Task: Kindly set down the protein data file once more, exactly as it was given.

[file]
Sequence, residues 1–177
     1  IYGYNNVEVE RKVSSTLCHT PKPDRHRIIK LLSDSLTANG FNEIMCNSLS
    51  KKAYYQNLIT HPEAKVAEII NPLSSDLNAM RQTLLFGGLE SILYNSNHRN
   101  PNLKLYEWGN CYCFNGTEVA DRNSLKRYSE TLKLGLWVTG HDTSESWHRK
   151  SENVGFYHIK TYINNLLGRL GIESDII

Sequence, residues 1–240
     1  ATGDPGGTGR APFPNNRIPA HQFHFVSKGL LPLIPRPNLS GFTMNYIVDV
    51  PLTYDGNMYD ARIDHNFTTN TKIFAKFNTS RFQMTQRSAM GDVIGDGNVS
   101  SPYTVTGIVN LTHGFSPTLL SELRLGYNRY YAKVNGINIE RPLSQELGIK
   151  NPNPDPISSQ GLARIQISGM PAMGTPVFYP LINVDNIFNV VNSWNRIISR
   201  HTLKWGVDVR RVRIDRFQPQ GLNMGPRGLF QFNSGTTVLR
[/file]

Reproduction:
Sequence, residues 1–177
     1  IYGYNNVEVE RKVSSTLCHT PKPDRHRIIK LLSDSLTANG FNEIMCNSLS
    51  KKAYYQNLIT HPEAKVAEII NPLSSDLNAM RQTLLFGGLE SILYNSNHRN
   101  PNLKLYEWGN CYCFNGTEVA DRNSLKRYSE TLKLGLWVTG HDTSESWHRK
   151  SENVGFYHIK TYINNLLGRL GIESDII

Sequence, residues 1–240
     1  ATGDPGGTGR APFPNNRIPA HQFHFVSKGL LPLIPRPNLS GFTMNYIVDV
    51  PLTYDGNMYD ARIDHNFTTN TKIFAKFNTS RFQMTQRSAM GDVIGDGNVS
   101  SPYTVTGIVN LTHGFSPTLL SELRLGYNRY YAKVNGINIE RPLSQELGIK
   151  NPNPDPISSQ GLARIQISGM PAMGTPVFYP LINVDNIFNV VNSWNRIISR
   201  HTLKWGVDVR RVRIDRFQPQ GLNMGPRGLF QFNSGTTVLR